All members of the hospital staff contribute to the patient’s overall experience, thus medical personnel must be aware of the little details that may make a big difference. Hospitals tend to prioritize national patient experience surveys, but what really matters to them is whether or not we act on the Things Patients Want. That’s a huge step in proving your dedication to patient collaboration.
Doctors have the utmost confidence in their patients. Considering the patient-doctor connection in this way highlights how crucial it is that the two parties get along well. If you have a good rapport with your patient, they will feel better.
However, when it is not, the patient may be left in the dark concerning the nature of their illness and the treatment options available to them. Things Patients Want now are the same conveniences and courtesy from their doctor that they get when checking into a hotel or flying on an airplane, finds a study by the PwC Health Research Institute.
Thousands of Things Patients Want were questioned by the PwC Health Research Institute to determine their views on healthcare; the results showed that patients place a premium on their doctors’ ability to actively listen to their concerns and share relevant information with them.
In a hotel, a kind greeting at check-in is a nice touch, but in a doctor’s office, it might make all the difference. Patients’ decisions about which doctors to see are now heavily influenced by how welcoming the office personnel seems to be. Seventy percent of people want their physicians to provide a wide range of services under one roof, and over 65 percent would value the ability to share medical records through mobile devices.
The good news is that when it comes to selecting a healthcare provider, the cost is seldom a patient’s first priority. When choosing a doctor or hospital, a patient is more than twice as likely to choose personal experience above cost.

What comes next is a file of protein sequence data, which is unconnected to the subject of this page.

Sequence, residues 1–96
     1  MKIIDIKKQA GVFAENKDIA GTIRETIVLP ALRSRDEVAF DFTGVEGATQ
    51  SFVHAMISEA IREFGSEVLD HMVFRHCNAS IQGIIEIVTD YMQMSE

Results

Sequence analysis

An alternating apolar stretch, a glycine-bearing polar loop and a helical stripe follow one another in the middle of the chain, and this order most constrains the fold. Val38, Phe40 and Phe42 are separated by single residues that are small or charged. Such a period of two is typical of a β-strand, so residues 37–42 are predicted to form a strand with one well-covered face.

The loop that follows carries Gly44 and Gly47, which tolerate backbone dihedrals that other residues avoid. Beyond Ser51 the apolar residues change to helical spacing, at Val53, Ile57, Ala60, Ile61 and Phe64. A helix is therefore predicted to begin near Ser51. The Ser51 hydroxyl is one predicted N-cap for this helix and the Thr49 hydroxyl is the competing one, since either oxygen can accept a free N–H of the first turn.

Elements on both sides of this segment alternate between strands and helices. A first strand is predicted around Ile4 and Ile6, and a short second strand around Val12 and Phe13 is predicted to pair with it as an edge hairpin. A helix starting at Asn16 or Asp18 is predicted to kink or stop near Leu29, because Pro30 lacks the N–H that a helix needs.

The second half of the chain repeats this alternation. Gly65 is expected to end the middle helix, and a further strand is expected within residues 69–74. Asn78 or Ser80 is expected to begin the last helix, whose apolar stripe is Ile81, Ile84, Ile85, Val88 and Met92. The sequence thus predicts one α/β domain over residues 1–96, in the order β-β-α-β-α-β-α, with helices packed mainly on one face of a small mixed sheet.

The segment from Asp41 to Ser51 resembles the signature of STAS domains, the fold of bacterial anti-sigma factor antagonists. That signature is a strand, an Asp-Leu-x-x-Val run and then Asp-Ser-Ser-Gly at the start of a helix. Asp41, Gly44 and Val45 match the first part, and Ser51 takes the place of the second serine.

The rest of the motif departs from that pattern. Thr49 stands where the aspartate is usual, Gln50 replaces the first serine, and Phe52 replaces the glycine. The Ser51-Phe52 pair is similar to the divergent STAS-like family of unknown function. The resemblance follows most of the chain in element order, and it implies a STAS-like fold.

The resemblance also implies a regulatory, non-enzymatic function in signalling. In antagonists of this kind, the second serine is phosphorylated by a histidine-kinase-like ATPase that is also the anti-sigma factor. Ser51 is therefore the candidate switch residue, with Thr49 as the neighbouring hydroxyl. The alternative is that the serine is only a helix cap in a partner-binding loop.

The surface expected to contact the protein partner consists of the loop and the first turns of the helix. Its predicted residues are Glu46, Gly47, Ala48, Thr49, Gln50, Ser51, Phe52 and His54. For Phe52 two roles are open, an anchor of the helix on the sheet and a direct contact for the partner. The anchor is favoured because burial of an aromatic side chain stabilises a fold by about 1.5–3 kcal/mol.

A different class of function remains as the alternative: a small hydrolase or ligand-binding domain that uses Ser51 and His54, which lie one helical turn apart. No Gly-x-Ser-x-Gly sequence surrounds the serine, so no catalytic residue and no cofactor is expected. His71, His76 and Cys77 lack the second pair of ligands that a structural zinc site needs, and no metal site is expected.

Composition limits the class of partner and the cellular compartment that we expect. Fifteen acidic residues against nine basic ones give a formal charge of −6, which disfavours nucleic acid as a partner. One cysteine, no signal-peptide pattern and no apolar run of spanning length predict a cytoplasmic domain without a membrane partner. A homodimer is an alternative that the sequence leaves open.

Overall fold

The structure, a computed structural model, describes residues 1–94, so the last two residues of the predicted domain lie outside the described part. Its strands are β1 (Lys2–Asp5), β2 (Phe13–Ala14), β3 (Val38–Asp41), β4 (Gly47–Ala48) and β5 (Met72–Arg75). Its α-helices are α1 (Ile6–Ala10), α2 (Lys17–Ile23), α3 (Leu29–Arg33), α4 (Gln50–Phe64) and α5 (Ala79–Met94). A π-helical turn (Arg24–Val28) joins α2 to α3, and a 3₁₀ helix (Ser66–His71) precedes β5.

Not only does your doctor want you to be well, but regulations and awareness are shaping healthcare like never before, making the patient’s perspective more important than ever. Therefore, patients have rights, and one of them is the option to actively engage in their treatment rather than passively receive it.
Here are the Top 7 Things Patients Want;
Things Patients Want that their physicians to offer as much information as they can, but it’s understandable if they don’t have all the answers. Indeterminacy is acceptable, provided that patients are made aware of the facts.
Patients are aware that physicians are also human and that mistakes may and do happen in the healthcare system. Patients seldom ask for punishment, but they do expect their doctors to own up to mistakes and show some initiative in correcting them. Always inform your patients about the potential benefits and drawbacks of the treatments you recommend.
2. Listening actively
Do your patients feel like they’ve left a speech or a discussion when they leave your office following an appointment? This is due to the fact that encouraging two-way communication with your patients will do more for their health than listening to lectures all day.